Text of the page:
The substantial prosperity that characterizes market economies at the beginning of the twenty-first century is relatively recent in human history. Prior to the Industrial Revolution, economic progress was so slow that people would not have been able to recognize it in their lifetimes, whereas today, economic progress is so much a part of people’s lives that they take it for granted.
In this new volume, Randall G. Holcombe argues that economic analysis, as it developed through the twentieth century, relies heavily on concepts of economic equilibrium, and is not descriptive of the dynamic real-world economy that is characterized by economic progress. Even in dynamic settings, economic models focus on income growth, leaving out the entrepreneurial forces that generate economic progress, resulting in the introduction of new goods and services and new production processes. Economic analysis focuses on the forces that lead to an economic equilibrium, not the forces that produce prosperity.
This characterization of economic analysis describes a substantial component of economics as it has developed over the past century. However, there are also economists who have analyzed the factors that lead to an entrepreneurial and innovative economy, generating progress rather than equilibrium. This volume does not question the value of past research, but argues that, looking ahead, economics should build on its past to focus on factors that create an entrepreneurial and innovative economy that is characterized by progress and prosperity. This would make economic analysis more consistent with the remarkable progress and prosperity that characterizes the modern economy. This volume lays out a framework for economic analysis that consistently incorporates the real-world factors that produce prosperity.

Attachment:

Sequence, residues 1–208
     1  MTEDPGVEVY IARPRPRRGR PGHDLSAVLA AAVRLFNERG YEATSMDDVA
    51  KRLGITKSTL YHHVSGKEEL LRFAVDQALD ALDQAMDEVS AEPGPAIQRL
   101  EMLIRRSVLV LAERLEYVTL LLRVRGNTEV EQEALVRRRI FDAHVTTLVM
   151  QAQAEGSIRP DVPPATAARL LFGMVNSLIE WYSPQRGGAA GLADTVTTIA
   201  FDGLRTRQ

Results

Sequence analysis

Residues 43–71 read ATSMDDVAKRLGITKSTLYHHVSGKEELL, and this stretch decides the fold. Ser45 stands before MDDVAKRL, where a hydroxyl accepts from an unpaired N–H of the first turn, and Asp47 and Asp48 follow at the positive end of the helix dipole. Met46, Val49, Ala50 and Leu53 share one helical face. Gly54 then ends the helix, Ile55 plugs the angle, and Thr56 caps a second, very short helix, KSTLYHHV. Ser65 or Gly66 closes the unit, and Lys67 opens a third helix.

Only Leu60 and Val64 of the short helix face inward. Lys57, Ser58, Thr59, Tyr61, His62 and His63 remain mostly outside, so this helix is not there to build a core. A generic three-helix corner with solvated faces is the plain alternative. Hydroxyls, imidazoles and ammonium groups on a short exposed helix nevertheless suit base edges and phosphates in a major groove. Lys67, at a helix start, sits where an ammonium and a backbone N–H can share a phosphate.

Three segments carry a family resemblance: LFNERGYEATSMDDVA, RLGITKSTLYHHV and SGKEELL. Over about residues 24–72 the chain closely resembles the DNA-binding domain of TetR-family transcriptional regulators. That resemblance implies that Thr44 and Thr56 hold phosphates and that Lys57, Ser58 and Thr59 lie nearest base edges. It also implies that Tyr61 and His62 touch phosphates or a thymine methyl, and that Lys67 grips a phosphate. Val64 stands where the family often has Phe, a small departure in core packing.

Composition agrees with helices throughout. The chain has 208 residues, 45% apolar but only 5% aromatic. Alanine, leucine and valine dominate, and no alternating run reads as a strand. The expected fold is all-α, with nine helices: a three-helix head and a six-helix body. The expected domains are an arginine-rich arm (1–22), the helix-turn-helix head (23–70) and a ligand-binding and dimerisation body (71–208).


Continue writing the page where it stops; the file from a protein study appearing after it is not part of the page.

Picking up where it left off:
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Randall G. Holcombe is DeVoe Moore Professor of Economics at Florida State University, USA.Review:
'It is an outstanding book and Holcombe should be celebrated for the clarity of his argument and the profound insights he provides about entrepreneurship, wealth creation, and the institutional environment that enables them' ― Peter Boettke, George Mason University, USA
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